So what does a typical day look like for a translator at a translation agency specialised in the agrifood sector? To give you an idea, we spent a day with Jeroen van der Hoef - our in-house German translator.
Computers and other technology have revolutionised how people work, and the profession of translator is ideally suited to working from home. The assignments are sent to the translator by e-mail. Special translation software uploads the source document to an application. The content is translated in this application and then the competed assignment is returned to the Project Manager. Most search work is done online; paper dictionaries are hardly ever used. The in-house translators at AgroLingua alternate between working at the office and from home. Effective communication ensures everything goes smoothly.
Jeroen likes to start his day by doing a final self-review of the last translated assignments. He reads through his recently completed translations before they are sent to a revisor. Why? It's much easier to spot your own mistakes, or refine a text, if you can step away from it for few hours, or even better sleep on it for a night. This will benefit the quality of the final translation. The aim is to send a good translation to the revisor for a post-translation check.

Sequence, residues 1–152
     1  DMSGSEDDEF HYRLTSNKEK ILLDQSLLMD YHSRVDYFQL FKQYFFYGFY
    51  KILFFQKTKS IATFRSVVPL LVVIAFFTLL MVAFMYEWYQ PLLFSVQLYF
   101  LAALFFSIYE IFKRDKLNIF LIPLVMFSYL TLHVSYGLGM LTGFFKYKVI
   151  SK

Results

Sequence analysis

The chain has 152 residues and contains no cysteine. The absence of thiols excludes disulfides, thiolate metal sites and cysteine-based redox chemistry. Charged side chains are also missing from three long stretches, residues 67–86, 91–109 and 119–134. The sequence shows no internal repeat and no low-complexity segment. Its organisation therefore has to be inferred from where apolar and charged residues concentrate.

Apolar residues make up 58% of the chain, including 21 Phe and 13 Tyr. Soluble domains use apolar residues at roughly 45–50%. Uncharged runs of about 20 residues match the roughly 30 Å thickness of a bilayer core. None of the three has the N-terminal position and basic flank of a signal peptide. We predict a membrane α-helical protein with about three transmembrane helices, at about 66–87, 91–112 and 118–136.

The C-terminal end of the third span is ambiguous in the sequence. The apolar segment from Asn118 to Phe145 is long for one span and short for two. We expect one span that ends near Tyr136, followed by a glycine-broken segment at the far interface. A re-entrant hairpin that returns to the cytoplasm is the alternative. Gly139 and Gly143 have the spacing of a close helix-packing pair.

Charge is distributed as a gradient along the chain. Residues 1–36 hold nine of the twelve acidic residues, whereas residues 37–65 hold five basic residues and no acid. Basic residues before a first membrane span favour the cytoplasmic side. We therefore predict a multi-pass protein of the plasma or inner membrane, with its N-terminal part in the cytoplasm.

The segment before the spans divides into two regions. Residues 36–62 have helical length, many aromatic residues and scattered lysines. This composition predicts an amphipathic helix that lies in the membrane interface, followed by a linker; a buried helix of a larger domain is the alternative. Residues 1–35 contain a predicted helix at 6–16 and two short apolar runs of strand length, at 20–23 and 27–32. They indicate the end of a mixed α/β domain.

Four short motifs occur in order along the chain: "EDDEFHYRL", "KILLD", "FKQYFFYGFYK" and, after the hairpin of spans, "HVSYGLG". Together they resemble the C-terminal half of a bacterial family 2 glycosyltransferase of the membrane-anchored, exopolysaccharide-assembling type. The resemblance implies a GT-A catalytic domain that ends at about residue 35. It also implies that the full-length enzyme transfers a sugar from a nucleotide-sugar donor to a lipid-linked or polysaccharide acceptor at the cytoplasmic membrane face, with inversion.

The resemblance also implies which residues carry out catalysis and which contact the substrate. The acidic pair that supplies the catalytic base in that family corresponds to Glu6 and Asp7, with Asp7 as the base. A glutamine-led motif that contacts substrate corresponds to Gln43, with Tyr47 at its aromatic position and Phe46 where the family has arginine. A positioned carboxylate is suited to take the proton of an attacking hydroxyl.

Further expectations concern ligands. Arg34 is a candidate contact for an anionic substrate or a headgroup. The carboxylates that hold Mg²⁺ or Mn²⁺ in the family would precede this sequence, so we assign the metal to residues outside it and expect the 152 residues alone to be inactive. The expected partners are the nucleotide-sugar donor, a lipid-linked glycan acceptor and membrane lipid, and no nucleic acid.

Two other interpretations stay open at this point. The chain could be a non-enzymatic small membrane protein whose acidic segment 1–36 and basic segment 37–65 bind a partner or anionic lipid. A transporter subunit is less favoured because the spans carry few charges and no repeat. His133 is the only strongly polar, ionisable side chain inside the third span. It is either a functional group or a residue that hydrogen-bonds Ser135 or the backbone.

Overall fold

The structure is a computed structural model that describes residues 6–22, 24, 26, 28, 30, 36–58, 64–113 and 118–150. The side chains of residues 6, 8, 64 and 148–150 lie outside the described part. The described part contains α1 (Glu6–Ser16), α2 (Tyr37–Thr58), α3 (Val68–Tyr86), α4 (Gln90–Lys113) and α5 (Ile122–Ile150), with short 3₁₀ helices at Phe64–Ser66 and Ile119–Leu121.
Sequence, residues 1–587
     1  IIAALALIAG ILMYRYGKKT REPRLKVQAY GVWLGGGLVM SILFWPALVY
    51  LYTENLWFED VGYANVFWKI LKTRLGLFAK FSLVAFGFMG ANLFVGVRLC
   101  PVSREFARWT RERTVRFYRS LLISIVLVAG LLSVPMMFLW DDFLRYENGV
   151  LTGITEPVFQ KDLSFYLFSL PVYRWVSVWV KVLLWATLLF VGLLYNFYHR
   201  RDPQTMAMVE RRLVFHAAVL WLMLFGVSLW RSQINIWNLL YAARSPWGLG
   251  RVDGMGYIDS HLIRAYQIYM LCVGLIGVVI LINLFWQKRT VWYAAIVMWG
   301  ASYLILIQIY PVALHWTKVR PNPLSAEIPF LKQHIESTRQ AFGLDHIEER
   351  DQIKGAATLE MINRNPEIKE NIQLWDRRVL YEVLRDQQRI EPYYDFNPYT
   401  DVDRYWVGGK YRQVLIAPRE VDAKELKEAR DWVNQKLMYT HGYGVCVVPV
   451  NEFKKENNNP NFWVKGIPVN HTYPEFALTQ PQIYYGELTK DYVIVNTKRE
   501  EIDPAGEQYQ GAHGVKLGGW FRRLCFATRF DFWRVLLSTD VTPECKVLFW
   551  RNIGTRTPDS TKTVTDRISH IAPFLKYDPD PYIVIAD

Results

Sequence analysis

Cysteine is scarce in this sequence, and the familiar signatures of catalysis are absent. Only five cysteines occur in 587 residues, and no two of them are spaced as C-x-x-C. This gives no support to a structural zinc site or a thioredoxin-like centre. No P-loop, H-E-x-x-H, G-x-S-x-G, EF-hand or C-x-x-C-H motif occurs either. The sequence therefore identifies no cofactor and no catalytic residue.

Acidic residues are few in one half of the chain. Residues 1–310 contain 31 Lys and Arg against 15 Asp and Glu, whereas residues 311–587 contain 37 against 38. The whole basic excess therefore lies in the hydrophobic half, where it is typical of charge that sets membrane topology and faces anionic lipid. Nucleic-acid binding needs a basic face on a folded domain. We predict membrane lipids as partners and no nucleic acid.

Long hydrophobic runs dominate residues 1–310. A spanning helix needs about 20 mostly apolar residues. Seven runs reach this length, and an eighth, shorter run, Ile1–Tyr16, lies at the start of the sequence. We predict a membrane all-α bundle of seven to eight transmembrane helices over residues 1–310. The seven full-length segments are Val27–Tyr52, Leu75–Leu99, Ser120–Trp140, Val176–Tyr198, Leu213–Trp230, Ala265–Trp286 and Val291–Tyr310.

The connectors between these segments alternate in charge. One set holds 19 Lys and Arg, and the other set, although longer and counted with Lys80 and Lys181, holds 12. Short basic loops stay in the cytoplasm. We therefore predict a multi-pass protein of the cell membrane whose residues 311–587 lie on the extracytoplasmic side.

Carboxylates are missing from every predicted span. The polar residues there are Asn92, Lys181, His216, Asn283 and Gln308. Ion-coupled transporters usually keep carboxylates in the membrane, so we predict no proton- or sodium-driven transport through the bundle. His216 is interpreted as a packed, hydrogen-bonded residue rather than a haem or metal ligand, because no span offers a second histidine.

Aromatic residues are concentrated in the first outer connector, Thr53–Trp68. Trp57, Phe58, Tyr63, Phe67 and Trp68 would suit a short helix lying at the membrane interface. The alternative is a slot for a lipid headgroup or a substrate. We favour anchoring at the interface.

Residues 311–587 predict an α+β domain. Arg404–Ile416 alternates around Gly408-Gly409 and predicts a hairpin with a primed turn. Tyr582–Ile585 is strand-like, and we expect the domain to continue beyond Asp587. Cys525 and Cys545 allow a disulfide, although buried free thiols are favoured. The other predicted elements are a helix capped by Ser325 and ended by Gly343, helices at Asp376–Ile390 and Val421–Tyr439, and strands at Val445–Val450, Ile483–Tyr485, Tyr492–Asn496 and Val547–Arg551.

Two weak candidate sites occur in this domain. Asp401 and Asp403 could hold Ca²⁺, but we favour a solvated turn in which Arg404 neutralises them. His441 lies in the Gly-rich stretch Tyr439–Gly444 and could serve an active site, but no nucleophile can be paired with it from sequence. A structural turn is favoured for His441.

The assignments he is sent by the Project Managers determine his programme for the day. Jeroen translates texts from Dutch to German and revises texts from other translators. Most assignments have a deadline, so it is important to structure the day by deciding which texts to start working on when and leave enough time to re-read them. Any urgent projects are prioritised.
It is not always possible to indicate how long a translation will take to complete. Quite some time may be needed to look up specific terms, or research the subject matter, and a translator can only move on once they are certain the translation is correct. Translations that require creativity and innovative writing are a nice challenge. This often involves humour, slogans, spelling, proverbs and certain expressions that have to be translated and properly conveyed to the target audience. There's nothing a translator enjoys more! They can use their skill and inventiveness to play with language and be creative. Good translation matters. The text should not never read as a translation, but as an independent text that captures the same message and nuances.
Translating is an intense task. Working eight hours a day is virtually impossible, because after about six hours of pure concentration the creative output can start to suffer. Tomorrow is a new day, which preferably starts again with another revision for Jeroen.
Back to news